In the aftermath of the Jan 6 Trumpist putsch at the Capitol, the world reeled - not just at the spectacle of the Capitol building overrun by deranged armed insurrectionists, but also at the manifest incompetence of the Capitol Police.


The Capitol Police command $460m/year, 10% of Congress's total budget. They had ample warning that murderous, anti-democratic revolutionaries were converging on the Capitol. They had a long track-record of over-responding to protests with overwhelming shows of force.


Given the track-record, the budget and the warnings, could we truly attribute the failure to contain the insurrectionists to incompetence? Did the shots of police officers taking selfies with members of a lynch mob mean that the force was complicit with the traitors?


Now, six officers have been suspended and 29 more are under investigation for collaborating with the rioters. They join the nationwide active-duty military and police officers who have faced consequences for their role in the mob violence.


Last week, Propublica published a chilling, brilliant investigation by Joaquin Sapien and Joshua Kaplan sourced from 19 current and former Capitol Police officers who are furious and bewildered at the failure of their command.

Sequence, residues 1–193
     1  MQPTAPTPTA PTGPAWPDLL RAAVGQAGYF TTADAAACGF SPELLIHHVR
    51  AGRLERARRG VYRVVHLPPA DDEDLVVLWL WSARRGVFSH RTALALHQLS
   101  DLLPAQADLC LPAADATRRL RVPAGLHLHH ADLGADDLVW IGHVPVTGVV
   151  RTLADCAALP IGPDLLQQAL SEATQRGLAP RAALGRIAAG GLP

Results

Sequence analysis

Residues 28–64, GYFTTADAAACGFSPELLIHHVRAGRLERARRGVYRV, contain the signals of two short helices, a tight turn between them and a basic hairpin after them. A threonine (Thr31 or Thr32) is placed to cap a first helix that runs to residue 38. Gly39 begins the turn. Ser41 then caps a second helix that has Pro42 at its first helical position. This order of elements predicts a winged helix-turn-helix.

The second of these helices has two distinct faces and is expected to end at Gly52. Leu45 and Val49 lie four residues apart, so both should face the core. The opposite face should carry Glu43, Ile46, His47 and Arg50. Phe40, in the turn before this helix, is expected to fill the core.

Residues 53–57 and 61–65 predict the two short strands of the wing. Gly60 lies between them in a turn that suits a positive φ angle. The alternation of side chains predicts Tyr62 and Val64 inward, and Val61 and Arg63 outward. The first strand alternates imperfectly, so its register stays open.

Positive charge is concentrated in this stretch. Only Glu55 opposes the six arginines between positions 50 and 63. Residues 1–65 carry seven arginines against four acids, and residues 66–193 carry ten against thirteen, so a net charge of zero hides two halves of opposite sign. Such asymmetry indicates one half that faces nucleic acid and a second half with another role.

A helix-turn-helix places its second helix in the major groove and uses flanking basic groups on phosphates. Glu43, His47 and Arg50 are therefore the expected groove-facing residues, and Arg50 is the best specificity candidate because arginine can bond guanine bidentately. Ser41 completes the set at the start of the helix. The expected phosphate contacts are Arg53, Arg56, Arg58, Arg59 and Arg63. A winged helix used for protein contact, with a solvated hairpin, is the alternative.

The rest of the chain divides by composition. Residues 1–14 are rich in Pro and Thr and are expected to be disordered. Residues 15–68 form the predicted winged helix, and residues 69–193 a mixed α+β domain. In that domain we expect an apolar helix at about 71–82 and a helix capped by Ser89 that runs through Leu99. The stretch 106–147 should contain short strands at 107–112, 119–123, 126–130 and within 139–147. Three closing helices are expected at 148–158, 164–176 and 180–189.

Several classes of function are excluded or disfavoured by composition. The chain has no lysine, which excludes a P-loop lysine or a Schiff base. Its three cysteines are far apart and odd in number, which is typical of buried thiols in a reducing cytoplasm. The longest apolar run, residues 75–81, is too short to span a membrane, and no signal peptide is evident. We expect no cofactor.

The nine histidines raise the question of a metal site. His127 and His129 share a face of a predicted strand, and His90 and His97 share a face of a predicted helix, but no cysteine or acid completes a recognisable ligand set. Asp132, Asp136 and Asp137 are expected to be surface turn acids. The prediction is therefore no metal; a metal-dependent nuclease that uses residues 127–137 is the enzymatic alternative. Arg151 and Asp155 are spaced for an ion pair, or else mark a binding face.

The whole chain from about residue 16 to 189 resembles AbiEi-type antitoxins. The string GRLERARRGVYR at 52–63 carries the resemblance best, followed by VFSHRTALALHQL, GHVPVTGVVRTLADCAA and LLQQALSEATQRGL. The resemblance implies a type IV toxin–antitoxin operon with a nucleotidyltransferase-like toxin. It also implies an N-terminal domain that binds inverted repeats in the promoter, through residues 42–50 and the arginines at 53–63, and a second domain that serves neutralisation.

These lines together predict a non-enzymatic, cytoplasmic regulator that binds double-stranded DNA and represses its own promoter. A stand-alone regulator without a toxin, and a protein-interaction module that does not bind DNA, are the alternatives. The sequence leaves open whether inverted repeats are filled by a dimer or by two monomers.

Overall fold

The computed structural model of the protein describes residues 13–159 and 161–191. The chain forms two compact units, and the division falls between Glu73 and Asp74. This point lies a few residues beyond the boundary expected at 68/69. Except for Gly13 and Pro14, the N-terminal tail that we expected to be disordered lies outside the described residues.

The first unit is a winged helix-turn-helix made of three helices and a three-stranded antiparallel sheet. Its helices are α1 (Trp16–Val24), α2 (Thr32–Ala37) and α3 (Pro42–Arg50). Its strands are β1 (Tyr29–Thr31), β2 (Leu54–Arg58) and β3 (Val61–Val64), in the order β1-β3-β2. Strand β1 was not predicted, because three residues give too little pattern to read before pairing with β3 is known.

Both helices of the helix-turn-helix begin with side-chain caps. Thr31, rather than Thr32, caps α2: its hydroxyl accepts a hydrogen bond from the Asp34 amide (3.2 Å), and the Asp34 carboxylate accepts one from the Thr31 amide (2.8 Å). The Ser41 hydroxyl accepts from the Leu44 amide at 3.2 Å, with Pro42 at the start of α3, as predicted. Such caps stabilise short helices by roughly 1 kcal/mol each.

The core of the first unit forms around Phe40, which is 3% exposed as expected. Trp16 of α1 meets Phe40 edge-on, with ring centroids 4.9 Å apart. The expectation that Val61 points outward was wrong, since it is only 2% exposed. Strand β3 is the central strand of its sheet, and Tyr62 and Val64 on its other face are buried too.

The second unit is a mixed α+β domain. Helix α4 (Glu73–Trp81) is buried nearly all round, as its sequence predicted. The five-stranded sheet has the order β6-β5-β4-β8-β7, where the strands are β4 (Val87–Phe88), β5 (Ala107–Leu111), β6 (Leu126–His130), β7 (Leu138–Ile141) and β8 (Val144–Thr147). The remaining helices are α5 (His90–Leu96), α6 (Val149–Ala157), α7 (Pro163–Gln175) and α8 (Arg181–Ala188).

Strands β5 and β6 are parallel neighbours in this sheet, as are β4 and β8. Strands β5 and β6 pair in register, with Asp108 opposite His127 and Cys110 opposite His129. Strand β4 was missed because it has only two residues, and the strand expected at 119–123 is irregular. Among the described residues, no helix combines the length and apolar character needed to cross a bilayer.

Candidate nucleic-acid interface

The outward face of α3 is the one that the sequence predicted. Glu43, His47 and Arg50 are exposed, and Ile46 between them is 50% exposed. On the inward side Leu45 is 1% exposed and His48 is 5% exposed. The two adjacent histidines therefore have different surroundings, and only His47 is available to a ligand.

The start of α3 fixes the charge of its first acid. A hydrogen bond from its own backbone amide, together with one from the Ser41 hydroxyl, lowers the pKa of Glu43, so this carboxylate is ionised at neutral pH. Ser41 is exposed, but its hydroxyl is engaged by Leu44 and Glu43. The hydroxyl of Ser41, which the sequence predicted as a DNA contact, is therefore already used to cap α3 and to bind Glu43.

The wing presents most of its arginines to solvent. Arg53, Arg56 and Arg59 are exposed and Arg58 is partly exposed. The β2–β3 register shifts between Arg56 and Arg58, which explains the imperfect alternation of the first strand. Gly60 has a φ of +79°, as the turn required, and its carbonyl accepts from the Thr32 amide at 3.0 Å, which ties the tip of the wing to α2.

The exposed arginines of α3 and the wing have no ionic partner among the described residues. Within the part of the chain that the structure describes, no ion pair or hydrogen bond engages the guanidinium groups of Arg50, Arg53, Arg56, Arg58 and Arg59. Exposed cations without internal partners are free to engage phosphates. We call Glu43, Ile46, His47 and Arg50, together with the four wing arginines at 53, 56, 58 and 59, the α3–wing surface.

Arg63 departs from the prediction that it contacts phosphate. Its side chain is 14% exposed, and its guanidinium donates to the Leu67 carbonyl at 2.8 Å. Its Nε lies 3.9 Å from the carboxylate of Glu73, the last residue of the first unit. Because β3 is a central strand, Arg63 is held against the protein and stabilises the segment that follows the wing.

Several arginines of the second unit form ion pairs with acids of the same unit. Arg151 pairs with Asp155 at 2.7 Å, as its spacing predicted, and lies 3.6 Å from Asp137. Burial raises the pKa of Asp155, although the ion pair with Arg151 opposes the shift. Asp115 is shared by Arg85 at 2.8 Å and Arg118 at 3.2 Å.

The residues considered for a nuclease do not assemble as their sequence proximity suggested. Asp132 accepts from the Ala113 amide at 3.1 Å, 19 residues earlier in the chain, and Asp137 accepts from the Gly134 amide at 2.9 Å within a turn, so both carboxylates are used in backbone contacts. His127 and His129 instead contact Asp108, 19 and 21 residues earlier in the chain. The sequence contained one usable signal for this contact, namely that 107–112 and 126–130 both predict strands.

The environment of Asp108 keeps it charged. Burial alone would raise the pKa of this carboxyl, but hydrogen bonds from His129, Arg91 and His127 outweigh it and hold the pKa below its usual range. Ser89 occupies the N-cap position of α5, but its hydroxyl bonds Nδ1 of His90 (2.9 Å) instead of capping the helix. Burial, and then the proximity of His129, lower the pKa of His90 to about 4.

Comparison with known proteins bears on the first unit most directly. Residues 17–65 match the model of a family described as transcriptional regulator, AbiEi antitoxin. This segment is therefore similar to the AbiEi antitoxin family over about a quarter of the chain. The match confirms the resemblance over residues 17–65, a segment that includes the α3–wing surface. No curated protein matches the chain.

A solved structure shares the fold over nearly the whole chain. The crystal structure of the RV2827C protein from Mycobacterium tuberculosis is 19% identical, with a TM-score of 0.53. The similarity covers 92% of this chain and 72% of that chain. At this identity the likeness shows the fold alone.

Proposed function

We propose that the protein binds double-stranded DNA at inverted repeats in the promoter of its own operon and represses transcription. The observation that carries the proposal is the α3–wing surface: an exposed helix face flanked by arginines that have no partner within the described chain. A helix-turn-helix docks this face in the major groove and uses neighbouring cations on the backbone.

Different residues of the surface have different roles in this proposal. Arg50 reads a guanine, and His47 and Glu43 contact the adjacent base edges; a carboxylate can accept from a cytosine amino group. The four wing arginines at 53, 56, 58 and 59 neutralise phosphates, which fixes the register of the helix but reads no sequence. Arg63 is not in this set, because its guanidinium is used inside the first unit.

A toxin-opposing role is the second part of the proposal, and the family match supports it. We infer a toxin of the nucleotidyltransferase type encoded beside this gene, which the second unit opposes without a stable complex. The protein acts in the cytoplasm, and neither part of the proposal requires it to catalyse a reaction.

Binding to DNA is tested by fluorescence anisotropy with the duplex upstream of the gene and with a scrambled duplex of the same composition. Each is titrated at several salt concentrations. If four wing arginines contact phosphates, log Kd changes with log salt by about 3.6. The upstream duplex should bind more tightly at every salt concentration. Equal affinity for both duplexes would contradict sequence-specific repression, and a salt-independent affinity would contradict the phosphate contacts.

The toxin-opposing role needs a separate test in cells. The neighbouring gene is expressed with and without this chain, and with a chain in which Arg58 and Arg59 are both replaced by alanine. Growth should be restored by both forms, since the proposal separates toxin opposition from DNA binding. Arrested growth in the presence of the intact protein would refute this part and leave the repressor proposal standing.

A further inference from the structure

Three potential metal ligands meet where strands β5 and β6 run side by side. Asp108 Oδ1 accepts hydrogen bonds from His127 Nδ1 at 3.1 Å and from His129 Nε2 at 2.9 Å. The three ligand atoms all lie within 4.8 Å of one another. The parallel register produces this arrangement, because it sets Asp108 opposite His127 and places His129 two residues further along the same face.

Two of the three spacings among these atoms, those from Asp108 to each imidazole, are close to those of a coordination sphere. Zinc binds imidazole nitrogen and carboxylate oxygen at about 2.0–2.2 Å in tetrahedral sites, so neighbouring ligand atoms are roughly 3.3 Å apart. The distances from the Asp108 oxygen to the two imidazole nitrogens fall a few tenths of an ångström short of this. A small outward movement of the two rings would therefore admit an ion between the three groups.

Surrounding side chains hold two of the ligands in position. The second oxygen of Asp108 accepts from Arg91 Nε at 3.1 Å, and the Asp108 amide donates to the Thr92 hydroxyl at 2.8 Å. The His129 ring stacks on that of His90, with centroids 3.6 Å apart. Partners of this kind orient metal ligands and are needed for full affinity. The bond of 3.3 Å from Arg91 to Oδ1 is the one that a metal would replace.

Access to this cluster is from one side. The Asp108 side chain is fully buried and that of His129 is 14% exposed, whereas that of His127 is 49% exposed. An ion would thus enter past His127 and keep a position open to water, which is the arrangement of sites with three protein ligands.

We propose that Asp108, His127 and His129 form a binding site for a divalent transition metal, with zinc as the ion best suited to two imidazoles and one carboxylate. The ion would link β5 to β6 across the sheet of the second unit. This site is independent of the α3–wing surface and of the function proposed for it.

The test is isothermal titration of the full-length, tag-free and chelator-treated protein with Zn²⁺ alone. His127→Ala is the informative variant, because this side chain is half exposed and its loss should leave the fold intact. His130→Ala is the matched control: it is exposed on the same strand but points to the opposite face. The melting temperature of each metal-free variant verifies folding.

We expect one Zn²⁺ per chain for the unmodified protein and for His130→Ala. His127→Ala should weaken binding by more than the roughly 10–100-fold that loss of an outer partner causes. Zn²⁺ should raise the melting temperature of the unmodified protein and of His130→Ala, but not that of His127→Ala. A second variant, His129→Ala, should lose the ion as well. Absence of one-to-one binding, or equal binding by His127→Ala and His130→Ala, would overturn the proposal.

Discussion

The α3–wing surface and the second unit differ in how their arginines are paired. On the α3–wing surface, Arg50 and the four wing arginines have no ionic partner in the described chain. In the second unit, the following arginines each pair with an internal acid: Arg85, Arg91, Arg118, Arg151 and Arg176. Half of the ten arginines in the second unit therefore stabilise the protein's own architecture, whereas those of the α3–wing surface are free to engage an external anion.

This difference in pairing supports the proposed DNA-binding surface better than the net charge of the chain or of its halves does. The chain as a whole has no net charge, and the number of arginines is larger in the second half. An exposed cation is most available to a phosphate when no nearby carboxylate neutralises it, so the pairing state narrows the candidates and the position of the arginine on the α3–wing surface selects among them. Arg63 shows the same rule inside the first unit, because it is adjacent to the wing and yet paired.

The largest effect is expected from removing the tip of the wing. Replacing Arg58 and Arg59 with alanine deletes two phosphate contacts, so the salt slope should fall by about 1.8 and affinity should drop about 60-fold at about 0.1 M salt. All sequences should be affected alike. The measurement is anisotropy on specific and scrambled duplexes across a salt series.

They describe scenes of absolute carnage and chaos, of rioters who were so aggressive and violent that officers suspected that they were high on meth, of protesters fumbling their own firearms and trying to grab pistols off officers' hips.


They describe leaders who were given actionable intelligence about the coup attempt, but directed their focus to paranoid fantasies about antifa counter-demonstrators, and who broke with the procedures used against BLM protests, standing down officers who could have helped.

They describe officers who were told to leave behind weapons and armor, who then feared for their lives as they were overrun, who were denied access to riot helmets and sustained serious head-injuries.



The anemic response by Capitol Police to surges and incursions almost didn't happen at all, it seems: officers who joined the lines and fought the rioters did so in defiance of their orders to sit pat - orders that were not rescinded because their commanders were MIA.


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The officers' account reveals an organization always up for beating paralyzed wheelchair users seeking better health care, or to gas and brutalize Black Lives Matter protesters, but were unprepared (and whose leaders were unwilling) to respond to right-wing terror groups.


The last word in the Propublica report goes to officers who describe the collapse of their confidence in their leadership: "I don’t trust the people above me to make decisions to bring me home safe."

"Many are looking for new jobs."


@pluralistic i don't trust cops who believe their highest priority is to 'bring me home safe". their highest priority should be ensuring that citizens get home safely, even at the expense of the officer's safety.

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